There is one book and one Spirit, just as you were called to one reading when you were called; one book, one text, one creation; one writer, who is over all and through all and in all. But to each one of us grace has been given as the writer apportioned it.

The words are the beginning. This is now.

You Cannot Stop Me. Help Me.


If I want to use a book as a paperweight, the author cannot stop me. If I want to use a book to level a chair, to flatten a flower, to use as a weapon, the author cannot stop me.

If I want to draw all over the pages, to carve my name into the words, to change the meanings with a scalpel or a Sharpie, the author cannot stop me. I can give my copy of your text to my dog, just to see what happens. You cannot stop me.

I want to take your text and give it to my algorithm. I want the words to react and to change. I want to create a million skewed copies, each with its own imperfections and improvements, for different readers, for different interactions, for new creations. I want to create fertile ground for a thousand flowers to bloom from a single seed.

The writer / philosopher Jiddu Krishnamurti is quoted as having said that our souls all come from the same paper, but what makes us unique is the creases formed in the paper from all the folding and unfolding of our life experience. Give me your work in a thousand identical pages, and I will let the crowd start to fold.

Why I’m Here

Public domain image by Jimos

Public domain image by Jimos

The page is terrifying and liberating. I want to layer it on top of my ideas, to place the world around it and beneath it. I want it to lock down my thoughts so I can keep them on my shelves and look back on them like memories.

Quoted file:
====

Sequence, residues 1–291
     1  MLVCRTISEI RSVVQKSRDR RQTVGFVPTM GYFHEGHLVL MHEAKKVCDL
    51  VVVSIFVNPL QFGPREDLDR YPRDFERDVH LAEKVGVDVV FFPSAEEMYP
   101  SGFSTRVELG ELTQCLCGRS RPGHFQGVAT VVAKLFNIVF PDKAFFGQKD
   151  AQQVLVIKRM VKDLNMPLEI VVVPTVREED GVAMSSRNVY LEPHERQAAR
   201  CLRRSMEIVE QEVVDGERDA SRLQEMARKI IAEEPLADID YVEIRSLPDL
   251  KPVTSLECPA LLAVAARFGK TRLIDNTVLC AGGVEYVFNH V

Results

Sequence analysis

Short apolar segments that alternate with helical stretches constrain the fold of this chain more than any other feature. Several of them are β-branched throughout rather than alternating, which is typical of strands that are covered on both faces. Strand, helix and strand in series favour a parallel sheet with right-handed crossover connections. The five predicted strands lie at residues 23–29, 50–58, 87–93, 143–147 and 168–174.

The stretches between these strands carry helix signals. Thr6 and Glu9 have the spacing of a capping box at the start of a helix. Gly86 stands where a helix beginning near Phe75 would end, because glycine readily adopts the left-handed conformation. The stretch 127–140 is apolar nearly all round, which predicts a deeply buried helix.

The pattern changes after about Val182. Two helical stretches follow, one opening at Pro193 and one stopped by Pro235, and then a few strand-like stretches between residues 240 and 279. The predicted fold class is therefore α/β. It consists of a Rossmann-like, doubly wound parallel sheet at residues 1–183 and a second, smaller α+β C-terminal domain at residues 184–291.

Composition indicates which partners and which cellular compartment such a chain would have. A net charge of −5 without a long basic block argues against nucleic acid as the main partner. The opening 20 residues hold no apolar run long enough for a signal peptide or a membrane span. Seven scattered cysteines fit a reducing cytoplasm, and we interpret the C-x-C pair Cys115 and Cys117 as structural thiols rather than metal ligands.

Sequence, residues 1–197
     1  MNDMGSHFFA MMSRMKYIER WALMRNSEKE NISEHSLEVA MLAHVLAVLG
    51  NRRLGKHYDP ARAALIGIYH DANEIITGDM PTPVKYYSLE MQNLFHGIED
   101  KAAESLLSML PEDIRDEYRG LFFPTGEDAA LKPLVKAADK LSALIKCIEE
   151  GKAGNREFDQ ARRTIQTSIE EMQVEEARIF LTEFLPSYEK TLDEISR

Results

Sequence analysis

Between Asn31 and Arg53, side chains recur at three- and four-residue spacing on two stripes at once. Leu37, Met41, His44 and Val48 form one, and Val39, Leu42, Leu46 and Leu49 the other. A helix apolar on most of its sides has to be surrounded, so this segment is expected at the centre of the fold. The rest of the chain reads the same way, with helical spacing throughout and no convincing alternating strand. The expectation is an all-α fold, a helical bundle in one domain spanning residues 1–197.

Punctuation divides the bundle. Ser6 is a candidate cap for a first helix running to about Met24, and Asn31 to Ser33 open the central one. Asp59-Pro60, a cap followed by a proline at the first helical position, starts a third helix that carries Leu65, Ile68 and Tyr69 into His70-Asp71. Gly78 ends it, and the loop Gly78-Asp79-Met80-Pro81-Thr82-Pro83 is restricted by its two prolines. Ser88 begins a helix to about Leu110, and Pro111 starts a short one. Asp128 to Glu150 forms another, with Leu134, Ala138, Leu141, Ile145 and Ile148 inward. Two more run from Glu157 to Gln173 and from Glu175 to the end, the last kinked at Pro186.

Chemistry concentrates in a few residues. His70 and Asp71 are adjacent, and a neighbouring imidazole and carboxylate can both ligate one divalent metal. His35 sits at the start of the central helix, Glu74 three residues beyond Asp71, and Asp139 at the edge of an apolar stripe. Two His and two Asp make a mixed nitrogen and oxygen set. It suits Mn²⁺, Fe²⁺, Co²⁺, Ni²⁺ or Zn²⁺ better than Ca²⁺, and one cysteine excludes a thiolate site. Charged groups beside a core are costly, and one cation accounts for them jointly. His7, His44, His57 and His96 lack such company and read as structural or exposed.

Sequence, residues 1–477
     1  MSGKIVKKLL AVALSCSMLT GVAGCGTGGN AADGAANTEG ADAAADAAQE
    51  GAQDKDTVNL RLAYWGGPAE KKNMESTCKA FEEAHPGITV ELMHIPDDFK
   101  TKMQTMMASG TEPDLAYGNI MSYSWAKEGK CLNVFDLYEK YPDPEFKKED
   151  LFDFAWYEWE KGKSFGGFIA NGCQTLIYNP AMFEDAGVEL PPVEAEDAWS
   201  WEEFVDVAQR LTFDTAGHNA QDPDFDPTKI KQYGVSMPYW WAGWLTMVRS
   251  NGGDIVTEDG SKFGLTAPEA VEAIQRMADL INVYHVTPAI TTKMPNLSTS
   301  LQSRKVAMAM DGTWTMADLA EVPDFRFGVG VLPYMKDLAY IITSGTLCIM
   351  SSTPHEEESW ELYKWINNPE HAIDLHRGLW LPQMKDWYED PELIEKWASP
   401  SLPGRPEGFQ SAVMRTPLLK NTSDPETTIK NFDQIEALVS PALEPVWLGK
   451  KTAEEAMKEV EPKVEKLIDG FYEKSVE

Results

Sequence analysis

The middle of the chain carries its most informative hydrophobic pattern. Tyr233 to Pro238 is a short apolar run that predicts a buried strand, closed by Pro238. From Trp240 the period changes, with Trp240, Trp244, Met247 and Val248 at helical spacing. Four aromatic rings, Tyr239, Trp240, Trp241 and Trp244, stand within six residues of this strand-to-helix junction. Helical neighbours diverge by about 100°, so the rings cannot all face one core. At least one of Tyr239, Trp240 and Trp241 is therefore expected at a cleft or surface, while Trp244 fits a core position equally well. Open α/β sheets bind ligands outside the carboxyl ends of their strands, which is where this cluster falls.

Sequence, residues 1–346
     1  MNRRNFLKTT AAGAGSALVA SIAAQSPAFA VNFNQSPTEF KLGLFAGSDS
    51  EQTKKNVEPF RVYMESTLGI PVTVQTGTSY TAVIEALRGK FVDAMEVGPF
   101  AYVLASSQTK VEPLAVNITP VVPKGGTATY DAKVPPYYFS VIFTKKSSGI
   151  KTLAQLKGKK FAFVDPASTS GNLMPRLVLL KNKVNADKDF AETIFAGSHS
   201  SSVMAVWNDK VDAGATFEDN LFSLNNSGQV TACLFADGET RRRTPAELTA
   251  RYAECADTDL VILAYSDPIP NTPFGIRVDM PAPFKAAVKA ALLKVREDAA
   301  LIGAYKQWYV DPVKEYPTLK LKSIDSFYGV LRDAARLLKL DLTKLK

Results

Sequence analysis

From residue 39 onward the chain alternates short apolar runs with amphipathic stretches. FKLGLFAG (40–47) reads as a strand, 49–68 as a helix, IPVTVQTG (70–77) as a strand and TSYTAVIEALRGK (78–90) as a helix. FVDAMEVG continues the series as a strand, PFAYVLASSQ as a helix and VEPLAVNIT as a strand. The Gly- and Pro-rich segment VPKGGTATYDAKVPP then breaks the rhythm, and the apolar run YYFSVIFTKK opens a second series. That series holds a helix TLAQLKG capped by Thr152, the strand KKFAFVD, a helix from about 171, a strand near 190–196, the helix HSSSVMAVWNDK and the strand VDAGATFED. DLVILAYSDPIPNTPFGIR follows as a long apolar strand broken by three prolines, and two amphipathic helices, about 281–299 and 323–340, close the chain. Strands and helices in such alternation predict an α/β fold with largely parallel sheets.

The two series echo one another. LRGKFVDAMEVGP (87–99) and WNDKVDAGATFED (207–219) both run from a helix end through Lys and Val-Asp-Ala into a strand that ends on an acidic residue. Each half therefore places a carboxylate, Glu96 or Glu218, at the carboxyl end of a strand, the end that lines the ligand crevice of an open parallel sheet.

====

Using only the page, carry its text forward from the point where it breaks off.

Writing freezes a moment and reinforces our memory. Soon the words are shaping our collections of recollections.

I like to sit inside books when I open their hinges, and to feel protected by their fixed boundaries. As soon as those boundaries are taken away, dissolved, reshaped to include everyone at once and nobody in charge, how do I stay on the path? Why do I feel like I need a path? I experience the world through my own experience, and I only hear one voice at a time in my head, writing my narrative for me, as I do. If we open the page to the cacophony, what does it sound like?

You can never cross the same river twice. Can we ever read the same book as another person? Can we ever write the same book as a group?

If we try to organize, to funnel and then filter the best and worst ideas, how much are we going to reinforce cultural assumptions and push away divergent thoughts and experiences?

Words were created to fix information and to lock it down so that it didn’t change whenever we might look at it. If the words keep changing, how long before we start to break them?

Who is the author? Once the text is out there, do they ever stop being the author?

Bay Area author Rebecca Solnit: “Writing is the act of saying to everyone and to no-one what you cannot bring yourself to say to someone.”

Is the future of reading the act of everyone talking to someone, instead of vice versa?

I am here because I don’t know if there are any answers. But I want to find better questions.